Now, I dont care to work that hard. My goal is to get somewhere nobody else is, stick up my tent and watch the stars with a Markers Mark and water in my hand. Fuck riding at 9/10 all day long. Thats for play racers, not my idea of enjoyment. Though others may dig it and thats cool, but it aint for me.
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Old 03-25-2012, 03:32 PM   #297
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Originally Posted by perterra View Post
I need to look at some of the newer breed of "enduro" bikes. I never enjoyed race bikes because when I was riding for 9 hours in a day staying on the pipe was a real pain in the ass. Power delivery was all or nothing, hit a blind hill you had better be wound up tight and in the power band or the thing was going to stall half way up and dump you and your camping gear all the way back down the hill. I came to appreciate low gears and big flywheels.

Now, I dont care to work that hard. My goal is to get somewhere nobody else is, stick up my tent and watch the stars with a Markers Mark and water in my hand. Fuck riding at 9/10 all day long. Thats for play racers, not my idea of enjoyment. Though others may dig it and thats cool, but it aint for me.
I can understand that, a modern four stroke "enduro" is a lot easier to ride than what you described, which sounds exactly like my two stroke mx bike with woods mods.

To me the idea of a bike that bottoms out and handles erratically on anything approaching an interesting speed over rough terrain or feels heavy underway sounds awful. Basically anything more "old skool" than an XR650R. I also am too OCD to just trust a bike to keep running without knowing what the guts look like and how they are changing over time.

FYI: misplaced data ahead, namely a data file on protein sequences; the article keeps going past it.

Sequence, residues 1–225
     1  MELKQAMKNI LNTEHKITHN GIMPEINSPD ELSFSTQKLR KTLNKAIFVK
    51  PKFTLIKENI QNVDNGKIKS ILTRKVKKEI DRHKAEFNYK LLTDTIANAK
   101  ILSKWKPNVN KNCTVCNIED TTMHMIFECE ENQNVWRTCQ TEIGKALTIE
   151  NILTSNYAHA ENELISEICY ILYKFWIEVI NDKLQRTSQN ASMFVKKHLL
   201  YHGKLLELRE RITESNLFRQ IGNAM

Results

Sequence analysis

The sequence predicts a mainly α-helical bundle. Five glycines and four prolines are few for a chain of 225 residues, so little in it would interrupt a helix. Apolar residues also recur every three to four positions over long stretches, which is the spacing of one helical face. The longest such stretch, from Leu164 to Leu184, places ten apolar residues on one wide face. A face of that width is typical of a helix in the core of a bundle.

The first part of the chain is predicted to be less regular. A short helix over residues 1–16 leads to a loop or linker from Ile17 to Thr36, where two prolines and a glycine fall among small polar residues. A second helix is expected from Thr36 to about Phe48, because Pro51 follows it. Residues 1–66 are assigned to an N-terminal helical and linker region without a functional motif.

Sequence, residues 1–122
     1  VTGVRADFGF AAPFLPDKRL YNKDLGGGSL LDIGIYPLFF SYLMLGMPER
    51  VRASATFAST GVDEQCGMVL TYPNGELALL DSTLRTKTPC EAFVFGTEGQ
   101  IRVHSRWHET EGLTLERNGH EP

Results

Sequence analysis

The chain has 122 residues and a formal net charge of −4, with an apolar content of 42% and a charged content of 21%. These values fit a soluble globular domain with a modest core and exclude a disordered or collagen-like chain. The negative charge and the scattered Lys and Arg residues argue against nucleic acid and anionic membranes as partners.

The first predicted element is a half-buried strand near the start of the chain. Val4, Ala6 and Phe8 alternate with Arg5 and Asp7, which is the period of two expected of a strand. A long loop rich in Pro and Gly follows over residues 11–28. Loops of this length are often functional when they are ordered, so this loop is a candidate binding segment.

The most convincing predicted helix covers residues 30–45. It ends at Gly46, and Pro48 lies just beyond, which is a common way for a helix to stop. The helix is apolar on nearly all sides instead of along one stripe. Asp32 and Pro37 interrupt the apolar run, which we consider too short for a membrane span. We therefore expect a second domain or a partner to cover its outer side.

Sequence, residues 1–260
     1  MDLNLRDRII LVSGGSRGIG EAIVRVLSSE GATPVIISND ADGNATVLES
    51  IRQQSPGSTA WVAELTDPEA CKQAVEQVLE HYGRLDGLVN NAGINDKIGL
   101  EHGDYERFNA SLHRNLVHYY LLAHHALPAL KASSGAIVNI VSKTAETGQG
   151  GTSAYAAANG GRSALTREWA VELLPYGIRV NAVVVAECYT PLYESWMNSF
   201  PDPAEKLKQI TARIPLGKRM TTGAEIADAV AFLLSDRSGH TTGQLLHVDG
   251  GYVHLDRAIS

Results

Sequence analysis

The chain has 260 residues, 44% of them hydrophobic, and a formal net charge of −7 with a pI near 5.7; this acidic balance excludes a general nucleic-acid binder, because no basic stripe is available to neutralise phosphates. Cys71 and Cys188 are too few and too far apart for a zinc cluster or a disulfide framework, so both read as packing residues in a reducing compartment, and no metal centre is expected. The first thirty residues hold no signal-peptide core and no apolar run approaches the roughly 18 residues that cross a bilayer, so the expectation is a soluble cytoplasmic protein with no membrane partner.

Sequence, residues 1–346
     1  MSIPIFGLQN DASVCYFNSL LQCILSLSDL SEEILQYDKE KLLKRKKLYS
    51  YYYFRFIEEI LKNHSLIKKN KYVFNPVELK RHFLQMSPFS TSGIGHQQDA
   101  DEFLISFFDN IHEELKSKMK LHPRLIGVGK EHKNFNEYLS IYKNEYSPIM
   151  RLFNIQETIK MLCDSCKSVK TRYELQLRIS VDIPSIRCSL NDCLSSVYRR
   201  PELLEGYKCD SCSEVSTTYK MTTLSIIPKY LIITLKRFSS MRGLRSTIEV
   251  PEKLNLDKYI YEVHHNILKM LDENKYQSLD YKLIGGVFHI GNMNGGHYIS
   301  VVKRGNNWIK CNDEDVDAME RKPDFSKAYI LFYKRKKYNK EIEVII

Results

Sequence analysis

So whether I'm on a DR650, DRZ, XRL, or the eurotrash it is getting a clean airfilter every two rides, new oil every 500miles, and the valves looked at once a month whether it needs it or not so I might as well enjoy the performance. I can be uncomfortable on the road, but i refuse to be uncomfortable in the dirt because of an ill suited or outdated bike.

Oh, and it is nice being a 2.5 hour ride to moab
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Old 03-25-2012, 05:44 PM   #298
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Oh, and it is nice being a 2.5 hour ride to moab

Ass hole. Sorry, the envy bubbled up.

I'm a trail rider, given the opportunity to ride over a rise or jump it, I'll ride. I'm the same way on the highway these days.
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Old 03-25-2012, 05:57 PM   #299
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I am with VxZ. One of the main things that got me off Japanese and onto orange dual sport bikes is that my body is absolutely beat to hell. I was OK with pounding myself to mush on crap suspension up until I hit 50 and passed my third surgery. Then I rode a friends SXC625 and discovered you really don't have to put up with that.

Having real competition class suspension under your ass just works better whether you are riding at 5/10's or 10/10's. I can now sit through stuff that I used to have to stand through. And the more time I spend off my ankles and knees the happier I am. The fact that Euro dual sport bikes are generally more powerful is just a bonus.

My first few 300 mile dual sport events on Yamahas and Hondas left me sore and limping for days. The last three I rode on my LC4E and I felt great afterwards. The difference for me is so dramatic that I went out and bought the MXC because I rediscovered riding hard on technical trails and not getting punished for it.
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Old 03-25-2012, 06:01 PM   #300
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I am with VxZ. One of the main things that got me off Japanese and onto orange dual sport bikes is that my body is absolutely beat to hell. I was OK with pounding myself to mush on crap suspension up until I hit 50 and passed my third surgery. Then I rode a friends SXC625 and discovered you really don't have to put up with that.

Having real competition class suspension under your ass just works better whether you are riding at 5/10's or 10/10's. I can now sit through stuff that I used to have to stand through. And the more time I spend off my ankles and knees the happier I am. The fact that Euro dual sport bikes are more powerful is just bonus.

My first few 300 mile dual sport events on Yamahas and Hondas left me sore and limping for days. The last three I rode on my LC4E and I felt great afterwards. The difference is dramatic.

So how easy is it to adjust the suspension for your gear load. Say you add 50lbs of gear and fuel behind the shock, how easy to adjust once you unload?